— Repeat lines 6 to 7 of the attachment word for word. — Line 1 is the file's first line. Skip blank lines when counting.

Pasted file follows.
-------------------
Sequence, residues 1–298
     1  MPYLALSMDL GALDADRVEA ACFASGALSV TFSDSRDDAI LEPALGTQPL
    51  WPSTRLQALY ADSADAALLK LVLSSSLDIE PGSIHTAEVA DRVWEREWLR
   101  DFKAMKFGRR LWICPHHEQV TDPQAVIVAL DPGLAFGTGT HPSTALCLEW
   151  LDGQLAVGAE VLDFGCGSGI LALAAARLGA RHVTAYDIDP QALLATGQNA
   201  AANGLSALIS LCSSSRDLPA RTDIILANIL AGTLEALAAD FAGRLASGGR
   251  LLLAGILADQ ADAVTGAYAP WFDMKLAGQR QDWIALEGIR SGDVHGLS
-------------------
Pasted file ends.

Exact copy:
   201  AANGLSALIS LCSSSRDLPA RTDIILANIL AGTLEALAAD FAGRLASGGR
   251  LLLAGILADQ ADAVTGAYAP WFDMKLAGQR QDWIALEGIR SGDVHGLS